Many people think of the treatment for a dislocation as “popping” the bone back into place. While this is a likely method, it should never be attempted at home or by someone who is not a medical professional as this can cause more damage.

Though the bone is forced out of the socket during a dislocation, it remains attached to the muscles in the shoulder blade and upper chest. These muscles pull the arm bone against the shoulder and chest, even when the bone is not connected properly; but if these muscles are in spasm, they will need to be relaxed before the bone can be replaced. You may be given medication to relax and ease pain. The doctor will then pull carefully against the muscles until the head of your humerus slips back into place. Arm weights may also be used to make muscle extension easier. This treatment process is called closed reduction.

If a shoulder remains loose and unstable or the bone is too removed for closed reduction, surgery may become necessary, though this is rare.

Once the joint has been placed back into its normal position, you will need to rest your arm in a sling for one to four weeks. Younger people often need to use a sling for longer periods of time. Though your range of motion will likely improve immediately, this will likely be paired with physical therapy in order to regain strength and avoid further injury.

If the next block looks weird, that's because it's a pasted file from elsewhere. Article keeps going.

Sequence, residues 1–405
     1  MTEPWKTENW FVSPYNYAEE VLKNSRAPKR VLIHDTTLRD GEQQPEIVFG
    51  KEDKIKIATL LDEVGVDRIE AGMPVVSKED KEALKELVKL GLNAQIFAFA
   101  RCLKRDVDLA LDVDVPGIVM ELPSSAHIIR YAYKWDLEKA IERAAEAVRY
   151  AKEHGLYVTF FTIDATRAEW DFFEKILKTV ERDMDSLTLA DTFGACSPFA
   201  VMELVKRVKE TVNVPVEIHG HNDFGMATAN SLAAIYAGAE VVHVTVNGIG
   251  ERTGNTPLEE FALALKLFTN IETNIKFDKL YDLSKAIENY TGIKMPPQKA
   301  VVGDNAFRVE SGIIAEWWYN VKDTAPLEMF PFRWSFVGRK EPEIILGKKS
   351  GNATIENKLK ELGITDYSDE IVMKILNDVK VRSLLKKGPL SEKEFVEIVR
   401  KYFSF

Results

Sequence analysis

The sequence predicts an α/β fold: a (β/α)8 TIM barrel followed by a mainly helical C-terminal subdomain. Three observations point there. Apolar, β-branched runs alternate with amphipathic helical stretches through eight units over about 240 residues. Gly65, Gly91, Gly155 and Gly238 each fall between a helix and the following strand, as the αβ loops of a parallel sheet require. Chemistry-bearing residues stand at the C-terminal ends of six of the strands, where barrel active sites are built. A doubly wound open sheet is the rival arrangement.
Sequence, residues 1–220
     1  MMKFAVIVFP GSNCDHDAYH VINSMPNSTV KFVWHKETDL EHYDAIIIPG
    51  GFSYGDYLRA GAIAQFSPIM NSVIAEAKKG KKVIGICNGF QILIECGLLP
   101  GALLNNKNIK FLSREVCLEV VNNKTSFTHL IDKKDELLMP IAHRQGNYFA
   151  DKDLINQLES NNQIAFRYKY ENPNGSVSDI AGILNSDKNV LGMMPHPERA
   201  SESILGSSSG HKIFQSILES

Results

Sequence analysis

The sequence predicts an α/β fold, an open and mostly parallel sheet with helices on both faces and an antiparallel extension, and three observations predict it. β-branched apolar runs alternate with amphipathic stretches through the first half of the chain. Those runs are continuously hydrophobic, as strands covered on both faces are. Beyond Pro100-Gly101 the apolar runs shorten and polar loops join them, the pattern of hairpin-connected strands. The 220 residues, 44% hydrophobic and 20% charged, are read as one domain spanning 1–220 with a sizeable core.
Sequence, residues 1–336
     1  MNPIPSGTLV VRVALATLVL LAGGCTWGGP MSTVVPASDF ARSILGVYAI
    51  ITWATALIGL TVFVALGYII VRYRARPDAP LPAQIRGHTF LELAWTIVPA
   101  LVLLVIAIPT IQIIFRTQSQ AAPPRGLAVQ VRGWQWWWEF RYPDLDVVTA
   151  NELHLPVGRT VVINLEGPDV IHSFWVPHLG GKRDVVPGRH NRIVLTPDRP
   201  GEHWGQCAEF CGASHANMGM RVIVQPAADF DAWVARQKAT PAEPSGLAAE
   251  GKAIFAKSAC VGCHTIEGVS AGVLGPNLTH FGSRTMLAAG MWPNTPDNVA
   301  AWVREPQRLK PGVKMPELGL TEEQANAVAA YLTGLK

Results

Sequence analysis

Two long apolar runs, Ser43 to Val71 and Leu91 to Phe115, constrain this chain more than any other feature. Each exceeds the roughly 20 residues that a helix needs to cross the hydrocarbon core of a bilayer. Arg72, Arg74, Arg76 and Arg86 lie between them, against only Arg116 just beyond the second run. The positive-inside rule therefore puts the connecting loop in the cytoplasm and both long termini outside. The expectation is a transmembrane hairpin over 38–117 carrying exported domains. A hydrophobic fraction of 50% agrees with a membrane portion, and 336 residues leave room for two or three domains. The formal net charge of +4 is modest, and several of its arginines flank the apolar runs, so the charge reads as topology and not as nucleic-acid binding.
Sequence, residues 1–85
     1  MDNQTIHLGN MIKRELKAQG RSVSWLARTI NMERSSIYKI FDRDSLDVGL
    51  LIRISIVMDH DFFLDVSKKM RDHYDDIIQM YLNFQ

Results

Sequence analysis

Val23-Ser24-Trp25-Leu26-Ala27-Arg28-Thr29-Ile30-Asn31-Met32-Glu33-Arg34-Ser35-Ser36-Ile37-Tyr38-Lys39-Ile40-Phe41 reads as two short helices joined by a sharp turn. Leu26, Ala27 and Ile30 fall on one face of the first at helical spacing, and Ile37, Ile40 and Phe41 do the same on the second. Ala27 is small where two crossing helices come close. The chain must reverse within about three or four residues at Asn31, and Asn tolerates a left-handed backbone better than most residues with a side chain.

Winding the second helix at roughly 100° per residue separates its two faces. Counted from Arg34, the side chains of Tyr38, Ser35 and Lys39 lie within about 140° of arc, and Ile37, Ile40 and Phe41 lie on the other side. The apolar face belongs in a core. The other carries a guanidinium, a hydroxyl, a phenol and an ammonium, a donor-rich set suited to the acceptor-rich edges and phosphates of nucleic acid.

Repeat dislocations are a concern in many cases, particularly young people and athletes. An adult with an uncomplicated shoulder dislocation has about a 25% chance of a second dislocation. However, a teenage athlete who plays contact sports has a 90% chance of a second dislocation occurring. When repeat dislocations are a problem, your shoulder may become unstable enough that it requires surgery to repair the issue. Surgery will usually restore the stability in the shoulder and reduce the risk of future dislocation to 5% or less.

Preventing Shoulder Dislocations

Because dislocations are usually a response to trauma, preventing primarily involves avoiding dangerous situations. Taking care to avoid falls and wearing protective gear during contact sports are generally recommended. Regular exercise can also help to maintain strength and flexibility in the joints and surrounding muscles.

If you have suffered a dislocation, it is also important to prevent future injuries. Further strengthening exercises are critical to this and your physical therapist may give you ongoing routines to follow.

Find a Shoulder Dislocation Specialist